Marker Interface in Java: what, why, uses, etc.

What are Marker Interfaces in Java?

An empty interface having no methods or fields/constants is called a marker interface or a tag interface. This of course means if the interface is extending other interfaces (directly or indirectly) then the super interfaces must not have any inheritable member (method or field/constant) as otherwise the definition of the marker interface (an entirely empty interface) would not be met. Since members of any interface are by default ‘public’ so all members will be inheritable and hence we can say for an interface to be a marker interface, all of its direct or indirect super interfaces should also be marker. (Thanks marco for raising the point. I thought it was obvious, but mentioning all this explicitly would probably help our readers.)

There are few Java supplied marker interfaces like Cloneable, Serializable, etc. One can create their own marker interfaces the same way as they create any other interface in Java.

Purpose of having marker interfaces in Java i.e., why to have marker interfaces?

The main purpose to have marker interfaces is to create special types in those cases where the types themselves have no behavior particular to them. If there is no behavior then why to have an interface? Because the implementor of the class might only need to flag that it belongs to that particular type and everything else is handled/done by some other unit – either internal to Java (as in the case of Java supplied standard marker interfaces) or an app specific external unit.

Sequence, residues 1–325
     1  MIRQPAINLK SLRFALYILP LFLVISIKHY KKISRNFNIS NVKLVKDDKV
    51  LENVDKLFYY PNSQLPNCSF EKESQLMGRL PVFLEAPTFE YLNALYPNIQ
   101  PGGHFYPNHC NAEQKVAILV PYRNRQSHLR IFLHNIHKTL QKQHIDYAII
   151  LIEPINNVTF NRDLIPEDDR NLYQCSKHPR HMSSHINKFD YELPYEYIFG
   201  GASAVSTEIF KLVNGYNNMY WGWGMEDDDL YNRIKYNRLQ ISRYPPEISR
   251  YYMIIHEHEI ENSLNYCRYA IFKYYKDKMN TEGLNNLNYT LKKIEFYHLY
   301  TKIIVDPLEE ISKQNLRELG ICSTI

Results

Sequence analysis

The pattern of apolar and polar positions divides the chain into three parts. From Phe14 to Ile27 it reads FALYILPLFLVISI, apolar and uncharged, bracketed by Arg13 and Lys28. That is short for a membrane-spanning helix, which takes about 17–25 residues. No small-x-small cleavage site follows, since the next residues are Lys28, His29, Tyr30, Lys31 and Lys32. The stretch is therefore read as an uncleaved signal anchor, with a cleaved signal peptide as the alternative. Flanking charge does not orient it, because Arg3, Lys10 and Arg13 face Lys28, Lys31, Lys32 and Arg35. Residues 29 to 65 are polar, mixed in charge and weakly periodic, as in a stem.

Let’s understand this by two examples – one in which we will discuss the purpose of a standard Java interface (Cloneable) and then another user-created marker interface.

What purpose does the Cloneable interface serve?

When JVM sees a clone() method being invoked on an object, it first verifies if the underlying class has implemented the ‘Cloneable’ interface or not. If not, then it throws the exception CloneNotSupportedException. Assuming the underlying class has implemented the ‘Cloneable’ interface, JVM does some internal work (maybe by calling some method) to facilitate the cloning operation. Cloneable is a marker interface and having no behavior declared in it for the implementing class to define because the behavior is to be supported by JVM and not the implementing classes (maybe because it’s too tricky, generic, or low-level at the implementing class level). So, effectively marker interfaces kind of send out a signal to the corresponding external/internal entity (JVM in case of Cloneable) for them to arrange for the necessary functionality.

How does JVM support the ‘cloning’ functionality – probably by using a native method call as cloning mechanism involves some low-level tasks which are probably not possible with using a direct Java method. So, a possible ‘Object.clone’ implementation would be something like this:-

public Object clone() throws CloneNotSupportedException {

 if (this implements Cloneable)

 return nativeCloneImpl();


 throw new CloneNotSupportedException();



Anyone wondered as to why and when do we get ‘CloneNotSupportedException’ exception at compile-time itself? Well… that’s no trick. If you see the signature of the ‘Object.clone()’ method carefully, you will see a throws clause associated with it. I’m sure how can you get rid of it: (i) by wrapping the clone-invocation code within appropriate try-catch (ii) throwing the CloneNotSupportedException from the calling method.